Also provided is a method of producing an immunologically active bivalent antibody fragment, wherein the two antigen-binding regions of the immunologically active bivalent antibody fragment are not linked by a peptide bond, wherein the method comprises: a) introducing into an immortalized primary eukaryotic host cell a nucleic acid sequence comprising a sequence encoding the antibody fragment or precursor thereof operably linked to a sequence capable of driving expression of the sequence encoding the antibody fragment in the host cell; b) culturing the host cell, whereby the antibody fragment is secreted from the host cell, wherein the ratio of secretion of immunologically active bivalent to immunologically active monovalent antibody fragments is at least 1:3. According to another aspect, the method further comprises: c) isolating and/or purifying the immunologically active antibody fragment. In the certain methods, the two antigen-binding regions of the immunologically active bivalent antibody fragment preferably are linked by one to ten sulfur bridges, more preferably, by one or two sulfur bridges. In certain aspects, the region of the immunologically active bivalent antibody fragment that is linked by the sulfur bridges is not derived from an IgG3. In certain methods, the immunologically active bivalent antibody fragment preferably comprises a F(ab′)2 fragment.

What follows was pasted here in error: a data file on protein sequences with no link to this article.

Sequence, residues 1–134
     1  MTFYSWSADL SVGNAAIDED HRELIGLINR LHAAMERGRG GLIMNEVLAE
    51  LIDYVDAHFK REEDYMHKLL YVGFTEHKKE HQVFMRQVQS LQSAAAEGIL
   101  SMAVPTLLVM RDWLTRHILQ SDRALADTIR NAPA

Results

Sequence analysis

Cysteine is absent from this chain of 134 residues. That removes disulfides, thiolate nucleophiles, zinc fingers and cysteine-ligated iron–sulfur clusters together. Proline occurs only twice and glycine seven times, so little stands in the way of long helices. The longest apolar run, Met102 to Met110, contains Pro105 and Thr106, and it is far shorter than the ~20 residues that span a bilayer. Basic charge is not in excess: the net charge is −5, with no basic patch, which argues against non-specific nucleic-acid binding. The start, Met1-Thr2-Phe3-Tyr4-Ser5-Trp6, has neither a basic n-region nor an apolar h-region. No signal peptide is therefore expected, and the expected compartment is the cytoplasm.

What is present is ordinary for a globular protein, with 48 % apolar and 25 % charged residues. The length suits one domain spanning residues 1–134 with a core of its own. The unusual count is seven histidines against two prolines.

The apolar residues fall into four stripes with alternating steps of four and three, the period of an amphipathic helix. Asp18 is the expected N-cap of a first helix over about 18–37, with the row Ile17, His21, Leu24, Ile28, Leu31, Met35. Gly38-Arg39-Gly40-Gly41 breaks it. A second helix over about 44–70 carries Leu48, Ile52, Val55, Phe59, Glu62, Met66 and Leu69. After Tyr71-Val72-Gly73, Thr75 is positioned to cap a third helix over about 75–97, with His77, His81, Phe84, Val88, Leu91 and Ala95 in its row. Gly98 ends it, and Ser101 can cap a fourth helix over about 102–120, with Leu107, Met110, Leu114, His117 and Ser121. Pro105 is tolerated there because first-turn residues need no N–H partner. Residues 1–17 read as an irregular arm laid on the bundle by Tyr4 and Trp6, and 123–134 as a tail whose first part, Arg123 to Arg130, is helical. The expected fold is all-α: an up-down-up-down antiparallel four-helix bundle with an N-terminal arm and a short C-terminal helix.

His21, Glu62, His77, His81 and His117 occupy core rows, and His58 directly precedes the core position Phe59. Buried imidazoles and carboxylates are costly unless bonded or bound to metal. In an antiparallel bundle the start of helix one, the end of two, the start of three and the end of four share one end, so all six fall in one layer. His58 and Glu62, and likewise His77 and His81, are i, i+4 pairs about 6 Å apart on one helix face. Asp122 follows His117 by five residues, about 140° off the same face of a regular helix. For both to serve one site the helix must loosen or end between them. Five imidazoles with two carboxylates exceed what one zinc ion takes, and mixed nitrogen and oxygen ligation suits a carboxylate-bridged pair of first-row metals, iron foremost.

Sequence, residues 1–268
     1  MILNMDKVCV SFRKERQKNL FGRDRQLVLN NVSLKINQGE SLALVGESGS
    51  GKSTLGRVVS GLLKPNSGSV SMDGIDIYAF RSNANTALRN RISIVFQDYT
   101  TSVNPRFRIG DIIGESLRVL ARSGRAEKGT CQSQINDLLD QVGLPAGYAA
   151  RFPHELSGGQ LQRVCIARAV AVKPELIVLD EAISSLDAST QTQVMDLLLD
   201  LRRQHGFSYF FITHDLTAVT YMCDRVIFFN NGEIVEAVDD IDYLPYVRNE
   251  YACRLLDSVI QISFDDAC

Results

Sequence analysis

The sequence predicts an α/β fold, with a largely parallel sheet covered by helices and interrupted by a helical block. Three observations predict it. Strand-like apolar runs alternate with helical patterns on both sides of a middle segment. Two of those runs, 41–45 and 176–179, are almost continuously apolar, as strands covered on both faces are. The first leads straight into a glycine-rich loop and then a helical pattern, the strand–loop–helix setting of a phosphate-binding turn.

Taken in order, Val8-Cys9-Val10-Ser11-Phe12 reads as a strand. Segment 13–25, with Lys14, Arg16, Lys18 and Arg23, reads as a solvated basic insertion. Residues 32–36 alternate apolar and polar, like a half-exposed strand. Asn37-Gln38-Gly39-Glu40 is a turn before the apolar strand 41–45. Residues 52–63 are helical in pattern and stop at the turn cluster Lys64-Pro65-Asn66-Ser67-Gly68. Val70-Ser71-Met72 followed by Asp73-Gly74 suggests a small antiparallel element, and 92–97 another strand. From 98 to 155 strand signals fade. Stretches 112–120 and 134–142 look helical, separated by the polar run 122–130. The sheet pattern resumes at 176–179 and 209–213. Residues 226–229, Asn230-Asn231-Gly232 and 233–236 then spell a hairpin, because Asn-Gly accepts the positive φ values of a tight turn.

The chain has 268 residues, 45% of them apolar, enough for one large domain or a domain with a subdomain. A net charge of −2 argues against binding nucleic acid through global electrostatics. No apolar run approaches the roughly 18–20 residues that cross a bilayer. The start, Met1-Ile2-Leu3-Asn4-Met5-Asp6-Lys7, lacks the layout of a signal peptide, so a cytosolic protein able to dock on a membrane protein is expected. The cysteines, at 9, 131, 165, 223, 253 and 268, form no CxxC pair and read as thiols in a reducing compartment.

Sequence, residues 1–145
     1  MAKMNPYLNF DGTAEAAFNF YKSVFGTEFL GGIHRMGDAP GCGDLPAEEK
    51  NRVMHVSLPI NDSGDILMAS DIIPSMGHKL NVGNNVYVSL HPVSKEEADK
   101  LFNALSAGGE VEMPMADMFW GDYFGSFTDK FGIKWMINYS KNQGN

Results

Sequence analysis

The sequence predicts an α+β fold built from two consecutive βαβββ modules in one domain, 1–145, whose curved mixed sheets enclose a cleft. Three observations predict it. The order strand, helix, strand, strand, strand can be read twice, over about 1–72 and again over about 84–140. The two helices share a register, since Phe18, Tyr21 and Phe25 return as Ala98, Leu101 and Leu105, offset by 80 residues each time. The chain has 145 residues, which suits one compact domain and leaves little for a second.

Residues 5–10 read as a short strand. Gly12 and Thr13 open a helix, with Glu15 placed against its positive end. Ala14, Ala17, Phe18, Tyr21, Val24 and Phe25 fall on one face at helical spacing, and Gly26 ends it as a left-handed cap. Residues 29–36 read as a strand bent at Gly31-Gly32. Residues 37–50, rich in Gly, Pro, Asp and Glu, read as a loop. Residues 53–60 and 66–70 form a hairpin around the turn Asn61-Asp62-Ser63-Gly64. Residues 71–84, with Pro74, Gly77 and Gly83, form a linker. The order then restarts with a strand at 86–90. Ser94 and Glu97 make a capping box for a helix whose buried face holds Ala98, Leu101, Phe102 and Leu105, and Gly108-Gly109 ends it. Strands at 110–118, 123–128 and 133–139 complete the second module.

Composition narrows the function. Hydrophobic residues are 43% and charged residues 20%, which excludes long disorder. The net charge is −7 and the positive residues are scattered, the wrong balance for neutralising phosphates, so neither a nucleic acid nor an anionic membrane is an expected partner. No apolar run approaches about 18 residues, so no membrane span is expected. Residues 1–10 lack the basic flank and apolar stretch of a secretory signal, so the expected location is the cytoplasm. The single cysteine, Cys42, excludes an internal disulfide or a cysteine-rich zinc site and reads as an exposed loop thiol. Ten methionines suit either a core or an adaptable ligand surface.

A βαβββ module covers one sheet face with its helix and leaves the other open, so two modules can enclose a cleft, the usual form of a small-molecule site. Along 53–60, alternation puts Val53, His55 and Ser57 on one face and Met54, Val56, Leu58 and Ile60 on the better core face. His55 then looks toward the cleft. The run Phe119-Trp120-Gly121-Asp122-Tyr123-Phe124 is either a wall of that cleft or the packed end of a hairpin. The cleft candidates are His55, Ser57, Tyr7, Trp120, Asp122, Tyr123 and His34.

According to other embodiments, the host cell is a mammalian cell, more preferably a human cell. In other embodiments, the host cell is derived from a retina cell. In other embodiments, the host cell is chosen from 293 and PER.C6™.

In certain embodiments, the ratio of secretion of immunologically active bivalent to immunologically active monovalent antibody fragments is at least 1:1, more preferably, at least 2:1, and still more preferably, at least 3:1. The host cell according to the method herein may comprise a sequence encoding at least one E1 protein of an adenovirus or a functional homologue, fragment and/or derivative thereof. In yet another embodiment of the method, an immunologically active bivalent antibody fragment is capable of selectively binding to activated vitronectin.